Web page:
Mach 7.3 'Bullets': The U.S. Navy Tested a "Hypervelocity Cannon Round"

Mach 7.3 'Bullets': The U.S. Navy Tested a "Hypervelocity Cannon Round"

The previously undisclosed test shots represent an important advancement for the U.S. fleet as it scrambles to keep pace with the Chinese navy's own hypersonics developments.

The U.S. Navy tested a new hypervelocity cannon round during a war game in 2018, the news website of the U.S. Naval Institute reported.

The previously undisclosed test shots represent an important advancement for the U.S. fleet as it scrambles to keep pace with the Chinese navy's own hypersonics developments.

The destroyer USS Dewey fired 20 hypervelocity projectiles, or HVPs, from its standard Mk.45 5-inch deck gun, officials familiar with the test said, according to USNI News.

According to USNI News, the trial was part of the biennial Rim of the Pacific war game that took place near Hawaii in the summer of 2018. It’s unclear how effective the test-shots were.

The Navy and the Pentagon's Strategic Capabilities Office, a secretive incubator for new weapons, reportedly oversaw the shoot.

Any vehicle or projectile that travels faster than five times the speed of sound technically is "hypersonic." The Navy's Mk. 45 deck gun fires 70-pound conventional explosive shells at a muzzle velocity of around Mach 2.2 out to a distance of 13 miles. The 28-pound hypervelocity projectile reportedly travels as far as 50 miles at Mach 7.3.

"The HVP is a next-generation, common, low-drag, guided projectile capable of executing multiple missions for a number of gun systems, such as the Navy five-inch; Navy, Marine Corps and Army 155-mm systems and future electromagnetic railguns," BAE Systems, which builds the hypervelocity shell, explains on its website.

According to BAE, the HVP could be effective against ground and sea targets, cruise missiles and ballistic rockets. "Types of missions performed will depend on the gun system and platform."

The key to the HVP's high speed is its low-drag aerodynamic design. To fit guns of different calibers, the HVP fits inside a range of ejectable casings that separate from the cone-shaped projectile shortly after it exits the gun.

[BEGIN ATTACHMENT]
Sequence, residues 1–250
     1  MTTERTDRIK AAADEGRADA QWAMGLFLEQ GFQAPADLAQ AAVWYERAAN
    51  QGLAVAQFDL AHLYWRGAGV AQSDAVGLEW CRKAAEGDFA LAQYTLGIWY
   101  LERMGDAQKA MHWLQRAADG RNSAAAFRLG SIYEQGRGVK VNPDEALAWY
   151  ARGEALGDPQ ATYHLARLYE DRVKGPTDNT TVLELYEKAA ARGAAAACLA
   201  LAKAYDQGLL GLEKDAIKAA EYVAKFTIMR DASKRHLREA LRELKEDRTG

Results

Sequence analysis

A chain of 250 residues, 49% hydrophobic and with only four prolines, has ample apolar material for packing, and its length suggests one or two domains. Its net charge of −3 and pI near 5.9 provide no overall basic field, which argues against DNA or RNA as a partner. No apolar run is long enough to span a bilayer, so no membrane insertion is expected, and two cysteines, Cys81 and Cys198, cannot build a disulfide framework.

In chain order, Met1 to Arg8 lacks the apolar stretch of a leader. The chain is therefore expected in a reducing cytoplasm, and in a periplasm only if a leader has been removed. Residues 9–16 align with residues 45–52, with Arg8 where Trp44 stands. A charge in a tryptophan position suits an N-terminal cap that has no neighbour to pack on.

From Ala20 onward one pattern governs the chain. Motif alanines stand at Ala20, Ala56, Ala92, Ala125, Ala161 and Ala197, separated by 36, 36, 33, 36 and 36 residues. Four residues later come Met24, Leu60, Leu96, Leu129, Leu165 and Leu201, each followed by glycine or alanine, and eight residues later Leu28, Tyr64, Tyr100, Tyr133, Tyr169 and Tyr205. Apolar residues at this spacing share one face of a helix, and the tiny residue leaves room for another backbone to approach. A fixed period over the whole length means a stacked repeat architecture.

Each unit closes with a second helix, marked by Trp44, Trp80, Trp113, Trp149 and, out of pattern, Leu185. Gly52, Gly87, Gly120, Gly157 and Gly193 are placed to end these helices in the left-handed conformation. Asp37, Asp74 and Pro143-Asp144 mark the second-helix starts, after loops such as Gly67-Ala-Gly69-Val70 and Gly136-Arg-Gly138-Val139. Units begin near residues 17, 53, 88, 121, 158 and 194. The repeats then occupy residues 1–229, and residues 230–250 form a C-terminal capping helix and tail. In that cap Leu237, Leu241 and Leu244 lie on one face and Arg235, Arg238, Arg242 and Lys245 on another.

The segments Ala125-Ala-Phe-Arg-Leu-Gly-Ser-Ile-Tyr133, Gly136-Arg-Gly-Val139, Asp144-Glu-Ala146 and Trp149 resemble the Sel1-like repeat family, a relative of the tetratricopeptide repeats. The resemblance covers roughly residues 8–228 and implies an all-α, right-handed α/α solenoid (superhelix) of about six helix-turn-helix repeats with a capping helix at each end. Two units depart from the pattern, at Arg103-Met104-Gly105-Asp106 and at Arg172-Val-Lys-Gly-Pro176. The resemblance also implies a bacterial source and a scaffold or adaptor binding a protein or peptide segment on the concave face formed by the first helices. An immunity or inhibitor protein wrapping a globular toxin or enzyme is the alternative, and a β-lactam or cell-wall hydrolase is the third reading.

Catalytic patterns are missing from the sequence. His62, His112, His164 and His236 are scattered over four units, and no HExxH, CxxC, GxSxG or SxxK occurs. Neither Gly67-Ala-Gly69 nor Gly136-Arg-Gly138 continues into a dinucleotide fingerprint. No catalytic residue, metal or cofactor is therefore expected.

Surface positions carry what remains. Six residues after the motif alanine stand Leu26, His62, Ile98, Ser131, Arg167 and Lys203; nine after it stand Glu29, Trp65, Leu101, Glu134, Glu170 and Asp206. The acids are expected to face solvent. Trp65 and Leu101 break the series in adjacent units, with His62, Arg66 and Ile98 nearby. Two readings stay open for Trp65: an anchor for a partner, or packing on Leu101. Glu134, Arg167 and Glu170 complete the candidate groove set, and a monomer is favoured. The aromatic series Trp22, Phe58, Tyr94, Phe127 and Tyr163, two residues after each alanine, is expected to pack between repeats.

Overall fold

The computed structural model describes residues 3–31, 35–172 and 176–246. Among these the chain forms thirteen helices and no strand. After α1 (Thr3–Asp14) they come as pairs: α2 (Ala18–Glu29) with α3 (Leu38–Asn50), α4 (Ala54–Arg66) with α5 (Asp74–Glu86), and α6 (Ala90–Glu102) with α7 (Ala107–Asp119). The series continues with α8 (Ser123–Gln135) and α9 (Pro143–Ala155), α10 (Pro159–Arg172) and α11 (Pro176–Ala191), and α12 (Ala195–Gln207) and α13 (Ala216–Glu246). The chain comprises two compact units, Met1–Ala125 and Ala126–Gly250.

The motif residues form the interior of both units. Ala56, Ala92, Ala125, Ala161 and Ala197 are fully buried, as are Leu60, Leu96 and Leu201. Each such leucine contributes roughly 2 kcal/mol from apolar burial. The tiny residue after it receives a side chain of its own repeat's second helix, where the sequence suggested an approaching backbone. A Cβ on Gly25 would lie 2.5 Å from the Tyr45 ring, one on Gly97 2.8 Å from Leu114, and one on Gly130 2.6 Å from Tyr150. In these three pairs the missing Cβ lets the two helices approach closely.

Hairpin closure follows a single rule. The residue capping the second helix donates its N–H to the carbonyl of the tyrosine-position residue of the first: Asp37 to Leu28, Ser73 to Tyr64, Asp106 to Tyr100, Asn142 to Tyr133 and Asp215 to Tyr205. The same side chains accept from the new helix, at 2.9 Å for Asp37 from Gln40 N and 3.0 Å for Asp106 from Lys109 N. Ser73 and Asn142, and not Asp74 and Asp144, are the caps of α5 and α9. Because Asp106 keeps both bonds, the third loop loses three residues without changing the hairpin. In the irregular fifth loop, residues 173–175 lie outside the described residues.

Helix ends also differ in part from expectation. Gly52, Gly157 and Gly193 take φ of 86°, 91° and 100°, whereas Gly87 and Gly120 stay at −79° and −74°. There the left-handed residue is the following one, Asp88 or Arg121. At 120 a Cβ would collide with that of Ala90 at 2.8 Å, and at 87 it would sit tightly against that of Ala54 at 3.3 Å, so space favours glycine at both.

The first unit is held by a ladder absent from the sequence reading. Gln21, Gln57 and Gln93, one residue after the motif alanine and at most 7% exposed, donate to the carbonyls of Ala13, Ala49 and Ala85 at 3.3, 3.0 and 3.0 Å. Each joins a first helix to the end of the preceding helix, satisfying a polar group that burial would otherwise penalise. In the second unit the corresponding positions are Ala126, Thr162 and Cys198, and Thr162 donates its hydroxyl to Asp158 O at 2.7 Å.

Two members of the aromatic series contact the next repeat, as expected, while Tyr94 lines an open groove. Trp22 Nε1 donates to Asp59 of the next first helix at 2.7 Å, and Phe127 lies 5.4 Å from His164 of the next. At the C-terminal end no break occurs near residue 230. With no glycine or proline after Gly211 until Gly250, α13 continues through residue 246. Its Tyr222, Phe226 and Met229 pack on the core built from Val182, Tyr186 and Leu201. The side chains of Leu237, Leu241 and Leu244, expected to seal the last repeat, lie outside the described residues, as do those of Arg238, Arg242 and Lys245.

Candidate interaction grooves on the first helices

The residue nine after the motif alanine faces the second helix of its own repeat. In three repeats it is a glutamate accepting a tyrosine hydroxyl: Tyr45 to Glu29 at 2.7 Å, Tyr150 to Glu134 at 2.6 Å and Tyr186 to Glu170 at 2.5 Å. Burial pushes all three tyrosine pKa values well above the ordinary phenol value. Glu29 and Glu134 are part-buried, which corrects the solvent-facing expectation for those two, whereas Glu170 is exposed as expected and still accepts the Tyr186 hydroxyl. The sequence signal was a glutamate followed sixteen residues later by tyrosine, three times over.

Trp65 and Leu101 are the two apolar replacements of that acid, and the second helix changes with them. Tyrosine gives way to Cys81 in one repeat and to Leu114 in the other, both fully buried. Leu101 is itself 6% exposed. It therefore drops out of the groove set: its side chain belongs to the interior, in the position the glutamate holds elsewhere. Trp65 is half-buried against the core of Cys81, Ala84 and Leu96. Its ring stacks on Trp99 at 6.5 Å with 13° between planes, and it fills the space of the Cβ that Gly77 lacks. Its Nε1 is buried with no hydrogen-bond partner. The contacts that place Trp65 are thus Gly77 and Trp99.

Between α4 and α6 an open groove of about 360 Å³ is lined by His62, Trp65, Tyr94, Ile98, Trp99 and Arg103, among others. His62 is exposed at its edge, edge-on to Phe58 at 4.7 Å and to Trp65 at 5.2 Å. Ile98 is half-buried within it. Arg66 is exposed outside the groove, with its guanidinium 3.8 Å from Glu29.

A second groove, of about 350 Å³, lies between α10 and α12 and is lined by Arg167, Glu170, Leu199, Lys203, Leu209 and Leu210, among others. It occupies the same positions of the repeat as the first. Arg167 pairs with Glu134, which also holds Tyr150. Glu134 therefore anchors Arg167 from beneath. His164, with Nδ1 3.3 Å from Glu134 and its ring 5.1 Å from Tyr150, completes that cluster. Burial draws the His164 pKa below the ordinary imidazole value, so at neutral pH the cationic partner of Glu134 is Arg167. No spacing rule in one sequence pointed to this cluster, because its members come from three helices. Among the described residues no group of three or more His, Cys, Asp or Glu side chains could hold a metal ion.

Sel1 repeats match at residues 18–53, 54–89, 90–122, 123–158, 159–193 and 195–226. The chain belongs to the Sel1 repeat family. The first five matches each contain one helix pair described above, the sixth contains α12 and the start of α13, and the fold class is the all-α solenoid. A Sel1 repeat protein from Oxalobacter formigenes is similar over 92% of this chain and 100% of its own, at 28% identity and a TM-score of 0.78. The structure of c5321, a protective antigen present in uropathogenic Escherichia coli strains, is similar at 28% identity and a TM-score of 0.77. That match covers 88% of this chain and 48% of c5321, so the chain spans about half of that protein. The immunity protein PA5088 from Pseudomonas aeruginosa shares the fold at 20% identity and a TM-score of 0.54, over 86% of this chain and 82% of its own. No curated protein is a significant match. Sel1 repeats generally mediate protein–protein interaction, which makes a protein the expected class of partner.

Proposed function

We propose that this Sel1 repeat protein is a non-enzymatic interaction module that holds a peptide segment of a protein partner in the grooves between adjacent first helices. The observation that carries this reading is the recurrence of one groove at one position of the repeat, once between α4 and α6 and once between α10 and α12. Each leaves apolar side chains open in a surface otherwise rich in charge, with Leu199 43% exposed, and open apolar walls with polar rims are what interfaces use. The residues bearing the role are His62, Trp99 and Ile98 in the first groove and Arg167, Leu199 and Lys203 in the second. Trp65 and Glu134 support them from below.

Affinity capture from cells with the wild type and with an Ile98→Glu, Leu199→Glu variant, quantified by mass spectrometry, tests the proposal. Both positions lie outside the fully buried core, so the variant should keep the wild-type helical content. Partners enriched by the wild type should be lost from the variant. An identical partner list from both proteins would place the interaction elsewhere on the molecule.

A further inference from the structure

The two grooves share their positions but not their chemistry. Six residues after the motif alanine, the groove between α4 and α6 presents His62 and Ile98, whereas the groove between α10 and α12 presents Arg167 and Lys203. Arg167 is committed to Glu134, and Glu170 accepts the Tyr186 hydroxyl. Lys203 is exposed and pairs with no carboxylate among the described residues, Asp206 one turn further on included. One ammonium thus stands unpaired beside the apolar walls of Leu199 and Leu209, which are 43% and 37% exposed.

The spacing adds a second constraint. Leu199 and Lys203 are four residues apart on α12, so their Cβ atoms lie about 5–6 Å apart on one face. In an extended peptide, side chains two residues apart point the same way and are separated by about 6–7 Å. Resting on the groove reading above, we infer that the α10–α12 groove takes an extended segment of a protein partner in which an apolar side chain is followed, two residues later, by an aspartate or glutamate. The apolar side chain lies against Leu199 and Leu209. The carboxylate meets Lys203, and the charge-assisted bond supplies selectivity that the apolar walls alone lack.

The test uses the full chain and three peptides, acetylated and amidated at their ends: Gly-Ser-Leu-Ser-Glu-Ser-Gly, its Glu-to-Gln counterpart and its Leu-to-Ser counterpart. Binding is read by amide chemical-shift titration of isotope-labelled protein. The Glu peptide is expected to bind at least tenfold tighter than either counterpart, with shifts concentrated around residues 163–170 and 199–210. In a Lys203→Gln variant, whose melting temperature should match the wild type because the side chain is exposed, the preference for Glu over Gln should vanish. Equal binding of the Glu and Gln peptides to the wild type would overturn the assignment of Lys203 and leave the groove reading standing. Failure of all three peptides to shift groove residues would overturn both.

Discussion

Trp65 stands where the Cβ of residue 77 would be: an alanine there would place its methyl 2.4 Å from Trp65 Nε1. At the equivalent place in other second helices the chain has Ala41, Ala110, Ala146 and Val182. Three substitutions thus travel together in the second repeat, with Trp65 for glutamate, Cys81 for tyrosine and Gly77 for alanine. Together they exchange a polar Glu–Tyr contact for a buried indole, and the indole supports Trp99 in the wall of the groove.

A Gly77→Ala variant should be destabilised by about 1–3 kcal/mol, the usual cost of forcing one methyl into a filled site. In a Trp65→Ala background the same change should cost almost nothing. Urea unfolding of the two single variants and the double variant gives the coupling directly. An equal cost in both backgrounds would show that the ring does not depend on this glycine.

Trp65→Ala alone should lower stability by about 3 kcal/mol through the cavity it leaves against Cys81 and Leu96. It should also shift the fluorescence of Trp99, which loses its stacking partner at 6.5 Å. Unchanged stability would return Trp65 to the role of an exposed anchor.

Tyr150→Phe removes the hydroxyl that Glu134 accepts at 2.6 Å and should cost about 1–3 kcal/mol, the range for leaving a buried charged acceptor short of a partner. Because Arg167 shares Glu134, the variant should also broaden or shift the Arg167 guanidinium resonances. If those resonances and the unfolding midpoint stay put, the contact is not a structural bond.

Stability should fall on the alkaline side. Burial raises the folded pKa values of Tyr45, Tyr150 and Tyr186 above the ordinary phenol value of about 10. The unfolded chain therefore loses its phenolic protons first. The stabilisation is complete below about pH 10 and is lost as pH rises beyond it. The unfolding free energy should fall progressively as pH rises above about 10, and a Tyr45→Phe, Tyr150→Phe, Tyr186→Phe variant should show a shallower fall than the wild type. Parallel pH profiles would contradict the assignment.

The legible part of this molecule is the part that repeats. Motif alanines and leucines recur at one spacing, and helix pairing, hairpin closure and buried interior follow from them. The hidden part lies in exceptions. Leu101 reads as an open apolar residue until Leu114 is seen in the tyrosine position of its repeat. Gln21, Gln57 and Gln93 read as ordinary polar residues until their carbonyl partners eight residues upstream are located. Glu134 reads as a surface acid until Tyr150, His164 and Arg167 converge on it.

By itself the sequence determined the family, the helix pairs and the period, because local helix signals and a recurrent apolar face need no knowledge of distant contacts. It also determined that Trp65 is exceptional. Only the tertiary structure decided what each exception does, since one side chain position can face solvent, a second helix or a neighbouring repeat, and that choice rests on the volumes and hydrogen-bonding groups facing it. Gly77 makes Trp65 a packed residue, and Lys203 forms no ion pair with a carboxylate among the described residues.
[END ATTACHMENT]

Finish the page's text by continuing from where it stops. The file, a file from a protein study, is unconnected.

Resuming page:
The hypervelocity projectile is a kinetic-energy weapon. It lacks a warhead, an instead destroys its targets through the sheer force of its impact. BAE acknowledges that the new projectile requires "accurate guidance electronics" on the ship or artillery piece firing it.

A single HVP reportedly costs around $90,000.

Dewey's test-firing came just a few months after China revealed its own hypervelocity ship gun. In January 2018 a photo appeared on the Chinese internet depicting the Chinese navy landing vessel Haiyang Shan moored at a river base while carrying a new kind of large cannon on its deck.

In March 2018, Chinese state media confirmed the cannon was an experimental railgun. A new photo that appeared in December 2018 seemed to show Haiyang Shan on the open sea, possibly while conducting test-firings of its new gun.

The U.S. Navy since 2012 has been developing its own railgun, but as of early 2019 the weapon had yet to go to sea. 

A railgun propels its projectiles to hypersonic speed by way of magnetic force, as opposed to explosive-powder charges that conventional guns use. But as Dewey's crew proved, it's possible to fire a hypersonic shell from a powder gun.

In 2016, Robert Work, the Obama administration's deputy secretary of defense, advised the incoming Trump administration to consider investing in hypervelocity projectiles rather than in railguns.

“We thought railguns were something we were really going to go after, but it turns out that powder guns firing the same hypervelocity projectiles gets you almost as much as you would get out of the electromagnetic rail gun, but it’s something we can do much faster," Work said. 

The U.S. military is hoping that it can leapfrog China's own railgun advancements by equipping existing guns with Mach-7 shells. "We now think that we can do pretty revolutionary things with existing powder guns -- think howitzers, [U.S. Army] Paladin [self-propelled artillery], the Navy’s five-inch guns," William Roper, who then headed the SCO, said in 2016. "We’ve shifted emphasis to that."

“We have a thousand powder guns," Roper added. "We have very few railguns."

David Axe serves as the new Defense Editor of the National Interest. He is the author of the graphic novels War Fix, War Is Boring and Machete Squad.